It just goes to show you. A little privilege can change your outlook. If you are thoughtful and moral, it will open it wider. If you have a small, stingy heart, or just have a little too much Chardonnay, it may make it smaller, darker, and meaner.

I swear, next time I'll be a nicer VIP.

Saturday, July 26, 2008

Shaken to the Core

Click to view in a size big enough for Drew to read without his glasses.

To the core, I tell you, by a scurrilous bit of claptrap on another otherwise righteous blog, by a commenter denying Berkeley Breathed the proper status of National Treasure, up there with Garry Trudeau, William Shatner, and The Mall of America.

Bloom County saw me through college, the Desperately Poor Years, the Reagan Administration Years (which coincidentally were the same years), and each bump in the psyche since then. For the past 25 or so years, if I was hitting a low patch, serotonin-wise, then you would find me with my nose in one of my Bloom County anthologies. I credit them with saving me thousands in mood-stabilizing medication.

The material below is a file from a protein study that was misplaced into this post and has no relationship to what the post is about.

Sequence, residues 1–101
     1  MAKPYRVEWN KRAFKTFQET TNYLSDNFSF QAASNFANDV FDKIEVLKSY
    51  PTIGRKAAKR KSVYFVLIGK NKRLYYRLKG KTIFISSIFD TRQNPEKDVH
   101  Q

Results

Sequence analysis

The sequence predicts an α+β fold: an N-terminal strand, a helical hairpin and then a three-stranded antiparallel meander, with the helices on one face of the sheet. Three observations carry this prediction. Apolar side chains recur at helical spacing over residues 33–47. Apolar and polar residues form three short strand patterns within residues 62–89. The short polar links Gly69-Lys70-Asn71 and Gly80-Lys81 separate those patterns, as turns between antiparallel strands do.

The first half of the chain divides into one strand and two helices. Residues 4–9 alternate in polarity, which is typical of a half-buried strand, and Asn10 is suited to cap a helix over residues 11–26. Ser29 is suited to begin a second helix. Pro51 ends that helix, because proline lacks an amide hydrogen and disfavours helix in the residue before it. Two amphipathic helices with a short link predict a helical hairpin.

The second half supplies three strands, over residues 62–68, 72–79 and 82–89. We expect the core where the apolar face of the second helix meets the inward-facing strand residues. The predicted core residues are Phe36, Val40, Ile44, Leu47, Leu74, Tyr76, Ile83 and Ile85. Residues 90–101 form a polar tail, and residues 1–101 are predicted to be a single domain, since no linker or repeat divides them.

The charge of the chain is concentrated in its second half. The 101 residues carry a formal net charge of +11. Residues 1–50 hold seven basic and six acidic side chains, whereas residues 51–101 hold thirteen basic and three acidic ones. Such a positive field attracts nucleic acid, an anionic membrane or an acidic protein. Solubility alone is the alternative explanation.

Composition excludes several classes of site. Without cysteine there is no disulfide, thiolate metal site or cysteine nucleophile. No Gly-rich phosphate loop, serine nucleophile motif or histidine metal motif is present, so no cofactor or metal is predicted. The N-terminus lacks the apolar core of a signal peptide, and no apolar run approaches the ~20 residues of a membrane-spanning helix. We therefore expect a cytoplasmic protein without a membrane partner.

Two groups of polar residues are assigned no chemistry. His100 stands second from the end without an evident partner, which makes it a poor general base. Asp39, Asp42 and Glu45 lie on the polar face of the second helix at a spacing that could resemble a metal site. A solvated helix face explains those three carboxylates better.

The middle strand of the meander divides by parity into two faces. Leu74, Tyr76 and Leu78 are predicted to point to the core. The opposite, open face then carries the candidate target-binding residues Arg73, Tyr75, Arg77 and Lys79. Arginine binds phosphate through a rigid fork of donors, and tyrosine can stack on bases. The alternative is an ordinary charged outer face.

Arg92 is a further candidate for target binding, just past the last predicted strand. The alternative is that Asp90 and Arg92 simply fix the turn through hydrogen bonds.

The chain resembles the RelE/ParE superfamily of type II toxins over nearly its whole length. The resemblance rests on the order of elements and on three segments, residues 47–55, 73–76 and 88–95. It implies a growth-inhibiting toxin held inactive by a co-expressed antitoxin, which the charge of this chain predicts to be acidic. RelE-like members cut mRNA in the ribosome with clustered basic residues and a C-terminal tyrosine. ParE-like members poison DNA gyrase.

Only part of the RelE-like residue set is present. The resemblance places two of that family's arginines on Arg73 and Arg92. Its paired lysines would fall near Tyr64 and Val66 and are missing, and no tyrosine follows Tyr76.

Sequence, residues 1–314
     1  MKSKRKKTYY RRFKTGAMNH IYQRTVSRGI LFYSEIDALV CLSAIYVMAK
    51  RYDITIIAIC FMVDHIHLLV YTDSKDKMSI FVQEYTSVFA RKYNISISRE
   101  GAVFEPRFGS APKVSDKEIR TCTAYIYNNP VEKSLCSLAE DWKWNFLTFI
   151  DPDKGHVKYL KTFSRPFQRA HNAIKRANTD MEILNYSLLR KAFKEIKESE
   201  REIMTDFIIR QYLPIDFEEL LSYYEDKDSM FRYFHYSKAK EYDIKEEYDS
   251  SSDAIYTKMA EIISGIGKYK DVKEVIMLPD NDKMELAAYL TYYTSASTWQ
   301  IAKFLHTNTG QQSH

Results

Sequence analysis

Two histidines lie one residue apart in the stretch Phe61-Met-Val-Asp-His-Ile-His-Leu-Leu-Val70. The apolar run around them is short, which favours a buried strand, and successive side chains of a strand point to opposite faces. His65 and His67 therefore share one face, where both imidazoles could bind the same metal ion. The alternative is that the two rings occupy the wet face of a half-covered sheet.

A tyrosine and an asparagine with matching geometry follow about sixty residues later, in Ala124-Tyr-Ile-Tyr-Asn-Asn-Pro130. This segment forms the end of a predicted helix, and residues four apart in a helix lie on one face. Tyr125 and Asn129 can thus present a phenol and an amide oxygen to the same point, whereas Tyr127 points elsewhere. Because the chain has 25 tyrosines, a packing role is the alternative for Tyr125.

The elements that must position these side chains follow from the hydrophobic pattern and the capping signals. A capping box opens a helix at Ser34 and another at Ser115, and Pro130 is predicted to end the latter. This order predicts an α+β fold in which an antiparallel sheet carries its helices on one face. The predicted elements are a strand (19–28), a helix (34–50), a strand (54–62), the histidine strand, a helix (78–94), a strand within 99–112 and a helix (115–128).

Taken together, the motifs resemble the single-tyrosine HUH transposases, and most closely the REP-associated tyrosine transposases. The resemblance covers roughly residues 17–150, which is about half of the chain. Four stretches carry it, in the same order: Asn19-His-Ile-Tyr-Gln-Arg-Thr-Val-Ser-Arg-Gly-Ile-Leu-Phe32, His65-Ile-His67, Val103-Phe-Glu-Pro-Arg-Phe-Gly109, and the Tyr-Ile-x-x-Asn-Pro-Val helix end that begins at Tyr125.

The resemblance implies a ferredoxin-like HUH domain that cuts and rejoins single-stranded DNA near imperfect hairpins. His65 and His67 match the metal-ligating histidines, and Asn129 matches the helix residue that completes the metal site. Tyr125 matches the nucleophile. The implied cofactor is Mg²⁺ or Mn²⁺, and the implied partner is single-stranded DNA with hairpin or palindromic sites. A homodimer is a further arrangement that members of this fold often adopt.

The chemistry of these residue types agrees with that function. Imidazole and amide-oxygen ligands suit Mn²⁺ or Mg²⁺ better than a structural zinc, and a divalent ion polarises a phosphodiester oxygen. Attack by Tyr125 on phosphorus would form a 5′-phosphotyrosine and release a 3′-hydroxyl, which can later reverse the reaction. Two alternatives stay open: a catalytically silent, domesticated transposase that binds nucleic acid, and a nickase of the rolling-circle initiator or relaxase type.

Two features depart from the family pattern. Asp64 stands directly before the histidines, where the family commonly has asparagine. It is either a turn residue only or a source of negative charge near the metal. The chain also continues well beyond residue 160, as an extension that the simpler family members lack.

The above-referenced slur sent me back to my Bloom County stash this week to find and scan my favorite strip of all time.

It's an eerily accurate portrait of me and my chauffeur, life partner and protector, Captain Drew. In our household, the phrase "a woman of rare beauty and delicate constitution" is praise reserved for only the most deserving.

Tuesday, July 22, 2008

Pictures from the AVC - Clearance Priced

Ooh, pretty shadows.

The legendary 43 degree banking of Alpenrose Velodrome.

The legendary coach Des Dickie setting Dean on the right trajectory.

Keeping an eye on the competition's thigh size.

Hugging the whole world.

Sunday, July 20, 2008

Notes from the Velodrome

Alpenrose Velodrome Challenge 2008


I have learned not to approach the keirin unmedicated. Case In Point.

The above link is to a crash in the heat directly before Dean's heat.

Thus properly diazepated, I was able to endure the qualifying rounds, which Dean easily controlled, and even the crushing irony of the final in which he cruised to victory except for that bastard Steven Beardsley taking advantage of his final let-up in the home stretch to sneak around for the win.

Dean leading Keyln Akuna to the final lap of the Olympic Sprint.